Tibetan and Himalayan Library - THL

THL Title Text
Bla brang Monastery and Wutai Shan
Paul K. Nietupski, John Carroll University
JIATS, no. 6 (December 2011), THL #T5718, pp. 327-348
Section 4 of 4 (pp. 339-340)


This list of LabrangBla brang scholar-diplomats who visited Wutai Shan is not complete; others of LabrangBla brang’s leaders made the trip as well, including the fifty-second LabrangBla brang abbot, Könchok Tenpé PelzangDkon mchog bstan pa’i dpal bzang (ca. 1812-1865), the abbot of LabrangBla brang’s Medical College, Jikmé Gyamtso’Jigs med rgya mtsho (b. 1787), and more. Together these LabrangBla brang lamabla mas prove that Wutai Shan was an important place for the LabrangBla brang Tibetans. The Tibetan Buddhist world, its AmdoA mdo- and LhasaLha sa-defined civilization, had a presence at Wutai Shan.

All of the lamabla mas mentioned here were exemplars of Tibetan civilization. They were all highly educated specialists, and as such established a strong Tibetan presence at Wutai and elsewhere in China. They successfully established a Tibetan enclave at Wutai, certainly without a reciprocal establishment at LabrangBla brang by the Manchus, for example. The LabrangBla brang lamabla mas at Wutai Shan were practicing and promoting Tibetan religion, but at the same time they were cognizant of the Manchu, Chinese, and Mongol presence, and mindful of political diplomacy.

In addition to being pious Buddhists, the LabrangBla brang lamabla mas at Wutai Shan were estate lords. They were the wealthy land and livestock owners, the most traveled, and entitled to regular tax revenues and corvée. They were the elite Tibetans. Other Tibetans, the nomad lords and common nomads, for example, seldom, if ever, made such high profile visits to Wutai, though some made strictly religious pilgrimages to Wutai.

As above, the motives of the LabrangBla brang lamabla mas to visit Wutai were not restricted to religion; this was also a politically motivated power network. The Second Jamyang Zhepa’Jam dbyangs bzhad pa, the Third DetriSde khri, and the Fourth Jamyang Zhepa’Jam dbyangs bzhad pa in particular were under enormous pressures at LabrangBla brang. The Second Jamyang Zhepa’Jam dbyangs bzhad pa was under pressure to establish himself as the legitimate successor/rebirth [page 340] against counter claims by the Mongol Prince, SetsangBse tshang, and others. The lamabla ma sought to extend his estate and to solidify his relationships to the Mongols and Manchus at Wutai. The Third DetriSde khri likewise sought to mediate the 1840s disputes between RongwoRong bo in Qinghai, local Chinese communities, and other local Tibetan groups. DetriSde khri’s projects at Wutai and in Beijing were thus likely tactical moves to reaffirm LabrangBla brang’s contacts with the Manchu authorities. Meanwhile, DetriSde khri may well have been aware of the pressures on the Beijing court from England and other European governments in those years, and the internal conflicts in China. The Fourth Jamyang Zhepa’Jam dbyangs bzhad pa also visited Wutai Shan at a time of growing violence between the Qinghai Muslims and regional Tibetans. Thus we see prominent, wealthy land-, livestock-, corvée-owning, highly educated religious specialists with considerable political power embroiled in regional conflicts suddenly going off on “pilgrimage” and establishing themselves at Wutai Shan and very often if not usually, in Beijing. The historical documents record these conflicts in detail but are silent about their explicit motives to establish a religious or political presence at Wutai and Beijing.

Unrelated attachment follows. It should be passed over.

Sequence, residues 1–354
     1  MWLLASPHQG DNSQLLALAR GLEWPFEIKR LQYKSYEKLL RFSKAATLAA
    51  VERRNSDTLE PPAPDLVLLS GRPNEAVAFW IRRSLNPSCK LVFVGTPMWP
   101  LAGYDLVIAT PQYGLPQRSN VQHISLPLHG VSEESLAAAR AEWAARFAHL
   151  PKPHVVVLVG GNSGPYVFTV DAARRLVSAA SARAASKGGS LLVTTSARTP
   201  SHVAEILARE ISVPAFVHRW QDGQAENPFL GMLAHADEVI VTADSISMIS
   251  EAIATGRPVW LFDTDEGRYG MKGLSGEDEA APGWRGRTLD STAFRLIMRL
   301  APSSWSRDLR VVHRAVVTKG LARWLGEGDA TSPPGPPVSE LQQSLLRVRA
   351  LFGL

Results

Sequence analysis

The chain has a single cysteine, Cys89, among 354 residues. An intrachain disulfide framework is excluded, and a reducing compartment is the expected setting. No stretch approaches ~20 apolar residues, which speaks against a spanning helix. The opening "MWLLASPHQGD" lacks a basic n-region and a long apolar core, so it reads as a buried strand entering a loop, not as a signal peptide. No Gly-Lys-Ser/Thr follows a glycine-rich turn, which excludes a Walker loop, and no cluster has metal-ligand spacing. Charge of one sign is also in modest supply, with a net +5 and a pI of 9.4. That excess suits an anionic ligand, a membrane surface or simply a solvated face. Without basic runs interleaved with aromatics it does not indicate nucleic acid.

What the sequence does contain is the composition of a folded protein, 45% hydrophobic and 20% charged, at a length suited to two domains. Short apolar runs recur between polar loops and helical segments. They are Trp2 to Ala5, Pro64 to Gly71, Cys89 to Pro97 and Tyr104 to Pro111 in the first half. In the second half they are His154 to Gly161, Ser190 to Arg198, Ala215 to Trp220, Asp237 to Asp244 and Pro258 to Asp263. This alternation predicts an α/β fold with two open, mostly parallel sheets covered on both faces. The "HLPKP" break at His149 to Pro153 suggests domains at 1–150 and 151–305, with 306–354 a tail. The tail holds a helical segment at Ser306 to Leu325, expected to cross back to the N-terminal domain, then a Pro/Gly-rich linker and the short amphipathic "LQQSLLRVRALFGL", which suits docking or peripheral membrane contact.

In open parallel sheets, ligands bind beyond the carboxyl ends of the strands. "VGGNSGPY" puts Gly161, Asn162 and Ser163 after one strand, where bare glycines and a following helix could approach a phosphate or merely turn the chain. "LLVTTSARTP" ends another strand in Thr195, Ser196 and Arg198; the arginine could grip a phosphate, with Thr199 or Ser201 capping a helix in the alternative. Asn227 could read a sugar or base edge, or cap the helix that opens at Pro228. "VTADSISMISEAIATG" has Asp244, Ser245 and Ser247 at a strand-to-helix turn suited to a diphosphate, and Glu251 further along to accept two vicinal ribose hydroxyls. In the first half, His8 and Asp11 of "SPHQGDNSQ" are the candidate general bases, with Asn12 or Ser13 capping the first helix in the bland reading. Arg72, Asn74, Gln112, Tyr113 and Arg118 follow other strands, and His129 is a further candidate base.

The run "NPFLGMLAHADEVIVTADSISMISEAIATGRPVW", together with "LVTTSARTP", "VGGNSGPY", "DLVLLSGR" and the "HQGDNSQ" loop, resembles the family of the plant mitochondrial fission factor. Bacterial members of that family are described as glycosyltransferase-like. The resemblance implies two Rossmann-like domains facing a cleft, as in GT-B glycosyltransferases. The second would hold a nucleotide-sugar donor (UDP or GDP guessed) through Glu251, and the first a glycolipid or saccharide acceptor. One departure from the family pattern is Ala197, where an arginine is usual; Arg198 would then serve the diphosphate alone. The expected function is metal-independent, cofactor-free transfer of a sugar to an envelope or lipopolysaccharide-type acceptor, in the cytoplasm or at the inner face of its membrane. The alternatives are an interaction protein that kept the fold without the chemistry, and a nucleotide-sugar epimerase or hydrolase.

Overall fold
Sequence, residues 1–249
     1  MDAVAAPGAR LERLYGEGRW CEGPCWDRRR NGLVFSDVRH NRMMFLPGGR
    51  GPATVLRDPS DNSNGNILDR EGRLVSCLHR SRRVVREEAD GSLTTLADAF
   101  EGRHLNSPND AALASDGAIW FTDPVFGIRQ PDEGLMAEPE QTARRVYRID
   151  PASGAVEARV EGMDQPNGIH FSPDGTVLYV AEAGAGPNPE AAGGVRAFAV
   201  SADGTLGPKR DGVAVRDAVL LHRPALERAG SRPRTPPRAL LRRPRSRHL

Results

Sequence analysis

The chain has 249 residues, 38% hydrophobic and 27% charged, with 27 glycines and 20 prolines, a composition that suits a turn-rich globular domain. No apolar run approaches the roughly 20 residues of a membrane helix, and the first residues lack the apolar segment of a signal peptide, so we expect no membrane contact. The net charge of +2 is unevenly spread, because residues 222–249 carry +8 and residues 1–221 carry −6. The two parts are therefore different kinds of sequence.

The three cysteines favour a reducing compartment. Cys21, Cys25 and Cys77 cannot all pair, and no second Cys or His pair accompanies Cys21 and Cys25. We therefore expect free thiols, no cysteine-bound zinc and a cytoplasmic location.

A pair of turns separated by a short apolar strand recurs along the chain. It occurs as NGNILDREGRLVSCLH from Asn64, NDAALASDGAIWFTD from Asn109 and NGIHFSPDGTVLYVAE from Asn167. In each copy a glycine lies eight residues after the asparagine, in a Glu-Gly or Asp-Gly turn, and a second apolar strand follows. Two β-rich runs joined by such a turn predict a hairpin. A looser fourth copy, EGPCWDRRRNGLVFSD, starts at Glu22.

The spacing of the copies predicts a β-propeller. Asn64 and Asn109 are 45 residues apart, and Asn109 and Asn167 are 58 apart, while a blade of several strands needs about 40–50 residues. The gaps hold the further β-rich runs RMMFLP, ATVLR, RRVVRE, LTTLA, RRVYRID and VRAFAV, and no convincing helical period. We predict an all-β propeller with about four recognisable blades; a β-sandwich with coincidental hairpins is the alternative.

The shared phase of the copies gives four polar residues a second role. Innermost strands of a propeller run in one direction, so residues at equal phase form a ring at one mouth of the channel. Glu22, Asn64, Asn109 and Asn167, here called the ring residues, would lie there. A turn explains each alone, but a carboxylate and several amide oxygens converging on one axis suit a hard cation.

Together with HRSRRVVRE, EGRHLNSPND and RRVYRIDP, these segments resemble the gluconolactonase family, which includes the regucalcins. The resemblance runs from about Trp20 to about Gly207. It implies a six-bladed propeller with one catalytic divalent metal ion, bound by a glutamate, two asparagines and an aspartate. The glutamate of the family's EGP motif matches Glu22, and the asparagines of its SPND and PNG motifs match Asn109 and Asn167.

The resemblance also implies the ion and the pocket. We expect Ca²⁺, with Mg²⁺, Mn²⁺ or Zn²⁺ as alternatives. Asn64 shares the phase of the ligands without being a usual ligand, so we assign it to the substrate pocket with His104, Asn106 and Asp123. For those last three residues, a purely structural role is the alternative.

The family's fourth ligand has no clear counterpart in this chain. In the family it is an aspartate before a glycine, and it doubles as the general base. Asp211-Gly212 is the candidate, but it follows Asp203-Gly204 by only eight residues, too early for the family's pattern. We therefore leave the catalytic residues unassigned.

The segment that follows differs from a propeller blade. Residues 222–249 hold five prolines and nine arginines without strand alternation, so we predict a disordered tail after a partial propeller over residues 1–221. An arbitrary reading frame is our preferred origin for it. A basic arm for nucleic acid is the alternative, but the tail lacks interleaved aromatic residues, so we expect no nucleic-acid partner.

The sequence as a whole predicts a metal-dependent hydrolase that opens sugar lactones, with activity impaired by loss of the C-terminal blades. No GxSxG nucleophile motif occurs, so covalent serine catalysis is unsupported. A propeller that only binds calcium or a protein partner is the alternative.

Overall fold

This was a kind of quiet diplomacy, a passive polity that sought Manchu and Chinese support and recognition. The LabrangBla brang borderlands were often contested, and always in close proximity to other ethnic groups. The LabrangBla brang lamabla mas therefore had two pressing political objectives that they could hardly ignore. First, when in conflict with their neighbors, they used their presence at Wutai and Beijing as a platform for political alliance-building. Second, because of being in such close proximity to their varied neighbors, they sought to gain recognition of LabrangBla brang as an independent ethnic enclave, defined by Tibetan Buddhist institutions. It is difficult to point to documented, concrete results of this formalized political process. Still, the very fact that LabrangBla brang grew and flourished for so long is proof in itself of positive regional support. More concretely, the formal acknowledgement of LabrangBla brang can be found in the many endorsements and testimonials given to LabrangBla brang and the LabrangBla brang lamabla mas by the Qing court. In the post-Qing Republican period, the Chinese government played a similar role at LabrangBla brang, evidenced by government intervention against Ma Bufang and LabrangBla brang’s Qinghai adversaries.

Finally, if historians in retrospect include LabrangBla brang in the Qing (and Republican Chinese) Empire, inclusion should be understood as a specifically Qing type of imperial governance, one very different from that of British, French, and other European imperial governments. Qing governance was in this case a passive diplomacy, cosmopolitan, a loose structure that allowed diversity and expression as a matter of policy.

Note Citation for Page

Paul K. Nietupski, “Bla brang Monastery and Wutai Shan,” Journal of the International Association of Tibetan Studies, no. 6 (December 2011): , http://www.thlib.org?tid=T5718 (accessed ).

Note Citation for Whole Article

Paul K. Nietupski, “Bla brang Monastery and Wutai Shan,” Journal of the International Association of Tibetan Studies, no. 6 (December 2011): 327-348, http://www.thlib.org?tid=T5718 (accessed ).

Bibliography Citation

Nietupski, Paul K. “Bla brang Monastery and Wutai Shan.” Journal of the International Association of Tibetan Studies, no. 6 (December 2011): 327-348. http://www.thlib.org?tid=T5718 (accessed ).